Tehilla Lichtenstein, a co-founder of the Society of Jewish Science, was a religious and spiritual leader recognized for her charisma and pioneering views on Jewish women’s spirituality. A New Yorker practically her whole life, Lichtenstein ran the Society’s religious school and edited its newsletter before assuming leadership after her husband’s death in 1938. Throughout her tenure, she continued to edit the newsletter, teach classes, and host a weekly radio show on Jewish Science, emphasizing the power of positive thinking and the importance of relationships, both with God and with other people. She spoke often on the need for active engagement with current problems in the world, from combating Nazi aggression and helping found the State of Israel to ending anti-Semitism in postwar America.
In 1951, the New York–based Society of Jewish Science published a small pamphlet entitled “What to Tell your Friends About Jewish Science.” Written by the society’s leader, Tehilla Lichtenstein, the pamphlet sought to clarify the differences between the religions of Jewish Science and Christian Science. Portraying Christian Science as the outgrowth of a Christian philosophy of denial, Lichtenstein defined Jewish Science as the positive application of Jewish teachings to everyday life. She elaborated on this idea in over 500 sermons delivered between 1938 and 1972, becoming the first Jewish American woman to serve as the spiritual leader of an ongoing Jewish congregation. While the society, which continues to exist, never sought formal affiliation with any of American Judaism’s major religious movements, it retains strong historical and theological ties to classical Reform Judaism.
Early Life and Education
Born in Jerusalem on May 16, 1893, to Eva (Chava) Cohen and Rabbi Chaim Hirschenson, Tehilla came to the United States at age eleven and was raised in Hoboken, New Jersey, where her father served as the rabbi of a small Orthodox congregation. One of five children, she retained a close relationship with her siblings, especially her sister Tamar De Sola Pool, who, with her husband, David, a rabbi, provided Lichtenstein with constant encouragement, support, and friendship. While the religious education she received was adequate, her secular education was exceptional. She earned a B.A. in classics from Hunter College in New York City in 1915, an M.A. in literature from Columbia University, and had begun doctoral work in English literature at Columbia when she left school in 1920 to marry Reform rabbi Morris Lichtenstein. She gave birth to a son, Immanuel, in 1922, and to another son, Michael, in 1927, raising her family in New York, where she remained until her death.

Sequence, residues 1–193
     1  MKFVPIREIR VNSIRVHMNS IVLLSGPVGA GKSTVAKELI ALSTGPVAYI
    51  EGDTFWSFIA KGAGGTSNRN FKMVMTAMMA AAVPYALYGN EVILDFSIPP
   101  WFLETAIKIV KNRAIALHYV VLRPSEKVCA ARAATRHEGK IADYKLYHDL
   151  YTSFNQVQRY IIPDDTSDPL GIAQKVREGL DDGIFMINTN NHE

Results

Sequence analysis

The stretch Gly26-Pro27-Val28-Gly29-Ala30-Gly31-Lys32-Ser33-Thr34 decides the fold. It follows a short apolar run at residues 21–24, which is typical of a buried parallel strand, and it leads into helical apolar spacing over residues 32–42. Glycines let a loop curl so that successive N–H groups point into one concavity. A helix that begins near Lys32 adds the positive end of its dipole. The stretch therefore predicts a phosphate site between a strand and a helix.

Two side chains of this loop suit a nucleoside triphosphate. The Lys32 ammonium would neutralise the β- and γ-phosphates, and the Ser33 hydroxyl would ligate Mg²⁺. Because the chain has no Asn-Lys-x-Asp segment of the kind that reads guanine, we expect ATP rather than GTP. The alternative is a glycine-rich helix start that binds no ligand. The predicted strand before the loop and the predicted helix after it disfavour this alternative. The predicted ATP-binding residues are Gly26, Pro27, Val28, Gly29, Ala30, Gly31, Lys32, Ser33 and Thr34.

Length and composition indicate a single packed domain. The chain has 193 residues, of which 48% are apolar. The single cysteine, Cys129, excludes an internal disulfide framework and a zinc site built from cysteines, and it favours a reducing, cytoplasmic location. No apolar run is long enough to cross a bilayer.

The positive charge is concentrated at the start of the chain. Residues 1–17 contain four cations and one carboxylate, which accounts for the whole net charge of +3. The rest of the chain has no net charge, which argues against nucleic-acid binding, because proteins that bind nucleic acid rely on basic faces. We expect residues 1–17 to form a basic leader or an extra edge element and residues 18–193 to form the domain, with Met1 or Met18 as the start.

Founding the Society of Jewish Science
Working closely with her husband, Lichtenstein helped to establish the Society of Jewish Science in 1922; it was one of several efforts by a handful of Reform rabbis to stem the tide of Jews attracted to Christian Science. Borrowing from Christian Science and New Thought (a Protestant-based alliance with a similar emphasis on healing) such prayer techniques as affirmation and visualization, the Society of Jewish Science acknowledged, as did New Thought but not Christian Science, the reality of matter, evil, and suffering as well as the benefits of modern medicine. At the same time, it emphasized, as did Christian Science sects, that God alone is the true source and restorer of health. Thus, to be healed one needs to recognize, and actively affirm, that God’s presence and healing power lies within oneself.
While leadership of the society remained firmly in Morris Lichtenstein’s hands until his death in 1938, during its early years Tehilla Lichtenstein served as the principal of its religious school and as the editor of its monthly periodical, the Jewish Science Interpreter. Upon her husband’s death, Lichtenstein became the society’s spiritual leader, a position she assumed more by circumstance than by design. In his will, Morris Lichtenstein had specified that leadership of the society should go to one of his sons or, if neither was willing to succeed him, to Tehilla. Since her sons did not aspire to the rabbinate, Lichtenstein took on the position, which she held until shortly before her death in 1973. According to the New York Times, over 500 people came to hear her deliver her first sermon on December 4, 1938. Although the society’s membership gradually decreased, Lichtenstein retained a loyal lay following, many of whom remained society members long after her death.